Inheritance: new method for Shape doesn't work


#1

Hello!

I'm experimenting with the code in this section to better understand the concept of inheritance.

I just created a new method called display_sides() in Class Shape. However when i ran the code it doesn't totally work. here is the output, in bold:

test_print
3
None
a
b
c

test_print
Traceback (most recent call last):
** File "python", line 24, in **
** File "python", line 7, in display_sides**
AttributeError: 'Triangle' object has no attribute 'number_of_sides'

I had expected the final line of the output to be 3. but instead, this just threw an error ... which doesn't make sense (it's not clear to me why Triangle didn't inherit number_of_sides from Shape)

below is the code. any suggestions? what am i missing?

class Shape(object):
    """Makes shapes!"""
    def __init__(self, number_of_sides):
        self.number_of_sides = number_of_sides
    def display_sides(self):
        print 'test_print'
        print self.number_of_sides

class Triangle(Shape):
    def __init__(self, side1, side2, side3):
        self.side1 = side1
        self.side2 = side2
        self.side3 = side3
        
my_shape = Shape(3)
my_triangle = Triangle('a', 'b', 'c')

print my_shape.display_sides()

print my_triangle.side1
print my_triangle.side2
print my_triangle.side3
print
print my_triangle.display_sides()


#2

update: i've solved the problem by adding self.number_of_sides as an attribute to the Triangle class.
below is the new code, which now works.

so in this example, it appears class Triangle inherited the methods of Shape - but not all of the attributes. is that a correct inference? if so, this leaves me a little confused given that codeacademy defined Inheritance as "the process by which one class takes on the attributes and methods of another"
but that didn't seem to happen in this example (only the methods were inherited)

class Triangle(Shape):
    def __init__(self, number_of_sides, side1, side2, side3):
        self.number_of_sides = number_of_sides
        self.side1 = side1
        self.side2 = side2
        self.side3 = side3

#3

It is refreshing to see effort. Good work, @justin789!

In order to inherit the attribute properly, you can call the __init__ method of the superclass (parent) in the class's __init__.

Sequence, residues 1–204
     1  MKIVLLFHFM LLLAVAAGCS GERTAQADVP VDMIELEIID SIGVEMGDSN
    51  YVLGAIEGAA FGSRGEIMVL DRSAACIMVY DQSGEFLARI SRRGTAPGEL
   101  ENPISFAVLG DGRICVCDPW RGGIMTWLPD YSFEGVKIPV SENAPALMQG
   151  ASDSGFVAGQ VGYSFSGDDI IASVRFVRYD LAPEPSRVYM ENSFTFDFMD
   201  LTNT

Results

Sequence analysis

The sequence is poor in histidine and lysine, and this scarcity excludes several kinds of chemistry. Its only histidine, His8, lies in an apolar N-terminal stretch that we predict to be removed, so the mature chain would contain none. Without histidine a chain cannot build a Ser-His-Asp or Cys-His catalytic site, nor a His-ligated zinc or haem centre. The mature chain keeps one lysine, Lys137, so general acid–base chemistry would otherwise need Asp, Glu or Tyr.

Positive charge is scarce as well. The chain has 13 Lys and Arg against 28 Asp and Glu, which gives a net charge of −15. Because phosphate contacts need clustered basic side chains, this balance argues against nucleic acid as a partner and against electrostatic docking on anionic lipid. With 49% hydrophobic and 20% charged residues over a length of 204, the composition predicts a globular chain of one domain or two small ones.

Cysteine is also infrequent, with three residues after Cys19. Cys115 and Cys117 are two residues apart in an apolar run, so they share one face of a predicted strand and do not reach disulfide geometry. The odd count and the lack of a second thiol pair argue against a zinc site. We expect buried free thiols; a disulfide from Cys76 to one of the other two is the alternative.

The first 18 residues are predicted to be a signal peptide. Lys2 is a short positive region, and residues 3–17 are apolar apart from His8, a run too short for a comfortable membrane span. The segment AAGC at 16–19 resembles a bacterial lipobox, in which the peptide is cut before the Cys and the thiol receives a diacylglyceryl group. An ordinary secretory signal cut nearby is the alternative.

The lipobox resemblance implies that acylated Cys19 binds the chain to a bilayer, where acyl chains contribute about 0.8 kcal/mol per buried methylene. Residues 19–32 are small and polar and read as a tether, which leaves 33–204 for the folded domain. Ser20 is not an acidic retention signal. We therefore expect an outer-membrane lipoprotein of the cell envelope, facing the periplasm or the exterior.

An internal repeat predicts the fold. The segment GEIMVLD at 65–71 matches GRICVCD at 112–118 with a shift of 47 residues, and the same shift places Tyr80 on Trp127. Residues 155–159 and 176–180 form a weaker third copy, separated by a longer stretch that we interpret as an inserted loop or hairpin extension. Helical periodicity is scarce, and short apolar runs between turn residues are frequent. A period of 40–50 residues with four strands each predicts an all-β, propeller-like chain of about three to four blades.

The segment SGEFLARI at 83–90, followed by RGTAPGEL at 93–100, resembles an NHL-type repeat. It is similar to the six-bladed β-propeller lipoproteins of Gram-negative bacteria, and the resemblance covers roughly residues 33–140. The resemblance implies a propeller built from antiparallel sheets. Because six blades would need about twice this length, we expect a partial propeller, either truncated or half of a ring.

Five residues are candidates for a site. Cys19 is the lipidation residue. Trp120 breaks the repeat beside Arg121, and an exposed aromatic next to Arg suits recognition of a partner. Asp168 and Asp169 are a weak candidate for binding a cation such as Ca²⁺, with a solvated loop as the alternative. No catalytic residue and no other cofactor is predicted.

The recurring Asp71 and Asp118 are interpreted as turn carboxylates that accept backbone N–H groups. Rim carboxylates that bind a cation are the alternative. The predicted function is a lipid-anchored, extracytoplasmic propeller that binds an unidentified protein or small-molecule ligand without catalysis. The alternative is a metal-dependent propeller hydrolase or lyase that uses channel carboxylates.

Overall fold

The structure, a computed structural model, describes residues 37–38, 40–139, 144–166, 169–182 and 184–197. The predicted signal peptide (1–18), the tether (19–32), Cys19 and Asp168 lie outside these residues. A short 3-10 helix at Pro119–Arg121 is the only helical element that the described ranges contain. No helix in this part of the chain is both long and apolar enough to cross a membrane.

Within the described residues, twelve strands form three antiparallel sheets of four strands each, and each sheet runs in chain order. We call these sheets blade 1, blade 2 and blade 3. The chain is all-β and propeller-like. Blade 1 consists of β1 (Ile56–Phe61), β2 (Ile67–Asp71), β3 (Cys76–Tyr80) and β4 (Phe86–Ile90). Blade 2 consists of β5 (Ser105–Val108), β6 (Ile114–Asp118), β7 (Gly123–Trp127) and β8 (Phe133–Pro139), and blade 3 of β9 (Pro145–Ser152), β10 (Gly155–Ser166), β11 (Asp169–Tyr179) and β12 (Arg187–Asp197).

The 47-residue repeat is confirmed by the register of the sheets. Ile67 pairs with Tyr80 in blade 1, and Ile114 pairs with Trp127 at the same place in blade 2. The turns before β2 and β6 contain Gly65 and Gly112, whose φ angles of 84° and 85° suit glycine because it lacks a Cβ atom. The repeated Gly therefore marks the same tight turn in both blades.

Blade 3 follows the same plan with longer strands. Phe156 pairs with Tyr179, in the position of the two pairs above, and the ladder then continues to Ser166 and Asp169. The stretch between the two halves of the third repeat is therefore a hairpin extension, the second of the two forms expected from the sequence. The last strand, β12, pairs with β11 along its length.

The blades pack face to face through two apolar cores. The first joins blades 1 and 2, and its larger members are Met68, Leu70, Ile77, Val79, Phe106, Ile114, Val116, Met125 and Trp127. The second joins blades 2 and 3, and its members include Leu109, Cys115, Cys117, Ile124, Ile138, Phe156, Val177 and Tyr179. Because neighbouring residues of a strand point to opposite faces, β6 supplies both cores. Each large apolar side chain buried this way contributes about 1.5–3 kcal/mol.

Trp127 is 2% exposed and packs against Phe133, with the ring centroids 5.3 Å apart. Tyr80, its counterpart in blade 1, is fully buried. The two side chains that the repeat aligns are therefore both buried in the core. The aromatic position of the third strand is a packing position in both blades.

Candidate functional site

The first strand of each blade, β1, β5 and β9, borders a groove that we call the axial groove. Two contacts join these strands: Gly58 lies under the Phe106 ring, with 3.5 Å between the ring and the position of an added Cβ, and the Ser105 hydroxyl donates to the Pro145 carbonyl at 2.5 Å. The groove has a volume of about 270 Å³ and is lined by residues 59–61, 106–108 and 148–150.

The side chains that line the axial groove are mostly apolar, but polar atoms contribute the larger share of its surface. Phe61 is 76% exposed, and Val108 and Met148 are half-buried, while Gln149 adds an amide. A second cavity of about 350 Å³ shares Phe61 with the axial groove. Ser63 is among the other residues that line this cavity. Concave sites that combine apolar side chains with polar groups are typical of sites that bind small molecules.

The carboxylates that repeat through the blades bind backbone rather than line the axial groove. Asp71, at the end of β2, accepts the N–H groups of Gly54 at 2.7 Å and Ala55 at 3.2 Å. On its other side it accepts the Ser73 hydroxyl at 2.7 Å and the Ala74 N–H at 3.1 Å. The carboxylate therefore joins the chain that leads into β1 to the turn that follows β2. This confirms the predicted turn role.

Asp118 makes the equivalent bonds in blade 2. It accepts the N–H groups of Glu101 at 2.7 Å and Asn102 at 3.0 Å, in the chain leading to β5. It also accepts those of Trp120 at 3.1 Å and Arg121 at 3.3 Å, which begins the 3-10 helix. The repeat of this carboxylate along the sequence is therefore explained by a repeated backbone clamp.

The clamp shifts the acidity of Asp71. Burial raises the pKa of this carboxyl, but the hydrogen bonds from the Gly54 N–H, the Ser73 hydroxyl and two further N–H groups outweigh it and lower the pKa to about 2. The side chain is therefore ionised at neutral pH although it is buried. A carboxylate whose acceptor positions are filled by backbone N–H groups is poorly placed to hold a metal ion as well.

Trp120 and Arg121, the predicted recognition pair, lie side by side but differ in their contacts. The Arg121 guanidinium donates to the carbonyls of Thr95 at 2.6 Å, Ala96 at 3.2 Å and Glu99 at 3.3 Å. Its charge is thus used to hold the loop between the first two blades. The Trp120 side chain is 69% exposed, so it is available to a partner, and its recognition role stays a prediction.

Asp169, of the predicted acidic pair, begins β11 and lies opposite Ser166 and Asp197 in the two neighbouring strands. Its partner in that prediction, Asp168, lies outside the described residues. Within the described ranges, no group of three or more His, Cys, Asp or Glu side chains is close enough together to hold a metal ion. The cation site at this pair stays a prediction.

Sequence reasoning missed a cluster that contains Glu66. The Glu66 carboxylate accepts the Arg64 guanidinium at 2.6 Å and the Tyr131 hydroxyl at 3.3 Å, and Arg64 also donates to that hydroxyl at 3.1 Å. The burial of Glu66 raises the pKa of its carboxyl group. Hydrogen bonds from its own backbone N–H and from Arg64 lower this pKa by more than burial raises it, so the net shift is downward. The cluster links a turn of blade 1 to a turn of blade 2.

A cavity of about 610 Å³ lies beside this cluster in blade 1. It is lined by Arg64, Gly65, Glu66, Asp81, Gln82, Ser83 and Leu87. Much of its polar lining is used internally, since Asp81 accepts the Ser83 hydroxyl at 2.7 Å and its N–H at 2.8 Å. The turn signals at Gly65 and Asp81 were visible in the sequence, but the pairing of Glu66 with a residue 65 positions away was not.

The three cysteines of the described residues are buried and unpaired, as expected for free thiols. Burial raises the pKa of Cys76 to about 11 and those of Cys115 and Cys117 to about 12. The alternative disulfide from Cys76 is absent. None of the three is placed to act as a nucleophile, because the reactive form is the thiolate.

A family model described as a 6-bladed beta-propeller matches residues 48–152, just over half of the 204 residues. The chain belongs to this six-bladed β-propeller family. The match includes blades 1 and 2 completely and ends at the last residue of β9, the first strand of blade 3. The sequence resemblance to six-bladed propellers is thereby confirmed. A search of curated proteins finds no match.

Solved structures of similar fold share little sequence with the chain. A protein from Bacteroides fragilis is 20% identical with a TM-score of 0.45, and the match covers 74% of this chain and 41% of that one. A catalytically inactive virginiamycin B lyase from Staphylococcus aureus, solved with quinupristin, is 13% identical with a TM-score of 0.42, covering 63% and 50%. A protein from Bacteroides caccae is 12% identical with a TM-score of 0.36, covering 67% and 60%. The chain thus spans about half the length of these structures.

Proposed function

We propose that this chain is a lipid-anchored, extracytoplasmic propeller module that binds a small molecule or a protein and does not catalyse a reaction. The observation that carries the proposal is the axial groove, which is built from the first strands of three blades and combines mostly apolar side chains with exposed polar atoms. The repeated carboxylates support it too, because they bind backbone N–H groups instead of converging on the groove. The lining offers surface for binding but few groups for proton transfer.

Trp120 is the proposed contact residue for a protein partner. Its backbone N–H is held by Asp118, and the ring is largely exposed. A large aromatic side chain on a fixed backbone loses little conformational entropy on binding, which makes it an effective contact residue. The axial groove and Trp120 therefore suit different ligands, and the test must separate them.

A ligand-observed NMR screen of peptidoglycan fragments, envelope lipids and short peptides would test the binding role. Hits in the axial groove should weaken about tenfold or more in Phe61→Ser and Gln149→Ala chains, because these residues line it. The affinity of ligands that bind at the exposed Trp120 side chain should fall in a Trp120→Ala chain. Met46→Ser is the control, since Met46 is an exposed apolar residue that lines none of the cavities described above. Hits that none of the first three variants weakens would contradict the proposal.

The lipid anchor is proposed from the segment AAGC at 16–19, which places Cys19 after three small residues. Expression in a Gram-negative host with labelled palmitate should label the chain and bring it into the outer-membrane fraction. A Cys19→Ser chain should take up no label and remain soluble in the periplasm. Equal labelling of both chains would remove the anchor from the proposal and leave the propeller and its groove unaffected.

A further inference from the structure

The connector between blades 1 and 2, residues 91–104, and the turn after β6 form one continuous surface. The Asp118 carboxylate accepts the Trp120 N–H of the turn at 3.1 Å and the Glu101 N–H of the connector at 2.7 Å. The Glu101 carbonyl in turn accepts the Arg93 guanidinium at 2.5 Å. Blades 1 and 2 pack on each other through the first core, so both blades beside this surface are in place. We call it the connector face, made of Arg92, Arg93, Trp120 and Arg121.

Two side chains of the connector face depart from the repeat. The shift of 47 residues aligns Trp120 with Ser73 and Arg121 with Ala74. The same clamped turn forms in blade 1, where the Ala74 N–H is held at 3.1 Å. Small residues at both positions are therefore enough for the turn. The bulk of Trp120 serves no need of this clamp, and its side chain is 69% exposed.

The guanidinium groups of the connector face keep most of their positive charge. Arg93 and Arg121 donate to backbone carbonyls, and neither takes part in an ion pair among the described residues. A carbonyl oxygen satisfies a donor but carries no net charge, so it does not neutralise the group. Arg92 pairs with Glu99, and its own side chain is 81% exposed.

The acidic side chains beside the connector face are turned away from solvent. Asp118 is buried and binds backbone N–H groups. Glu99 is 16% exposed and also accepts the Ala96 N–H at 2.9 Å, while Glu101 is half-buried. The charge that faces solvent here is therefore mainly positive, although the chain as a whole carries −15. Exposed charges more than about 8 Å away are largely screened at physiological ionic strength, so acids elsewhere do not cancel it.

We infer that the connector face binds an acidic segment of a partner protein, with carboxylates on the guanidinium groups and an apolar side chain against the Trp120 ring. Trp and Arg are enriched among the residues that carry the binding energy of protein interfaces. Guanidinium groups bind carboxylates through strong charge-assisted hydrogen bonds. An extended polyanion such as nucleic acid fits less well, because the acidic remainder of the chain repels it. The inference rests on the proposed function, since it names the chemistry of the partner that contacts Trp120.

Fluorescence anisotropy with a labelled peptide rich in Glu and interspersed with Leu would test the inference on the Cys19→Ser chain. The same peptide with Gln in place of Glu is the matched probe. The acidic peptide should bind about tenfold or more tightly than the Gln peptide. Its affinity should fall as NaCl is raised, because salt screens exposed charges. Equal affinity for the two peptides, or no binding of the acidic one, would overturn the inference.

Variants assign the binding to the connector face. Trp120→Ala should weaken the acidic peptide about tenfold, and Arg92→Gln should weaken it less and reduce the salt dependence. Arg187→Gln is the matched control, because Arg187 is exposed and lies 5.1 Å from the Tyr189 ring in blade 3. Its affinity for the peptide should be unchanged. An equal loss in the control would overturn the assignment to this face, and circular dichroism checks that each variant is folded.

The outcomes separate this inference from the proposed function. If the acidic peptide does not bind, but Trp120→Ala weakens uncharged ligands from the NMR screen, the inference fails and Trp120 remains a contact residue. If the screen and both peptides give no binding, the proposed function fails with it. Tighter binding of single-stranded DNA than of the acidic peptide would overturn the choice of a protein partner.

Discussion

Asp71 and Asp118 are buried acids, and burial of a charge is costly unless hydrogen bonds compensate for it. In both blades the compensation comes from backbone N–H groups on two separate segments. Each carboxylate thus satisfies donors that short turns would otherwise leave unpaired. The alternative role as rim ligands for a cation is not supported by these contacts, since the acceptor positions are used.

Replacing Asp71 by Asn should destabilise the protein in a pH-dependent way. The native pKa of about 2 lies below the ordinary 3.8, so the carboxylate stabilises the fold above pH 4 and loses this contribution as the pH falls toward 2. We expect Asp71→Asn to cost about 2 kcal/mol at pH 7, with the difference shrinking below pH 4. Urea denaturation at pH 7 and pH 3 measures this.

Here is an example showing just attributes to save space.

class Shape(object):
  def __init__(self, number_of_sides):
    self.number_of_sides = number_of_sides

class Triangle(Shape):
  def __init__(self, side1, side2, side3):
    Shape.__init__(self, 3)
    self.side1 = side1
    self.side2 = side2
    self.side3 = side3

Do you see how by explicitly calling Shape's __init__ method passing in 3 for number_of_sides defines a Triangle in a "final" sense rather than accepting a number_of_sides argument in Triangle's __init__ method which causes a redundancy?


#4

interesting - thanks @jacobsandersen!
below is the full code with your suggestion. it certainly works and it does eliminate the redundancy that was present in my fix above.
appreciate your help!
cheers
justin

class Shape(object):
    """Makes shapes!"""
    def __init__(self, number_of_sides):
        self.number_of_sides = number_of_sides
        
    def display_sides(self):
        print "number of sides: %s" % self.number_of_sides

class Triangle(Shape):
    def __init__(self, side1, side2, side3):
        Shape.__init__(self, 3)        
        self.side1 = side1
        self.side2 = side2
        self.side3 = side3
        
some_shape = Shape(5)
my_triangle = Triangle('a', 'b', 'c')

print some_shape.display_sides()
print

print my_triangle.side1
print my_triangle.side2
print my_triangle.side3
print
print my_triangle.display_sides()

output:

number of sides: 5
None

a
b
c

number of sides: 3
None


#5

You are making headway, here. although there are some questions to resolve. We know that a triangle is strictly defined. For instance, the sum of its angles may not exceed 180. The sum of the shorter sides may not be less than the length of the longest side.

So in the above we are left with guessing what three string values contribute, other than being names of the sides. Only problem is we already gave them names. Would it were the author had given the names to which we've become accustomed... a, b, c.

self.a = a
self.b = b
self.c = c

Now we're leaning toward your intuition.


#6

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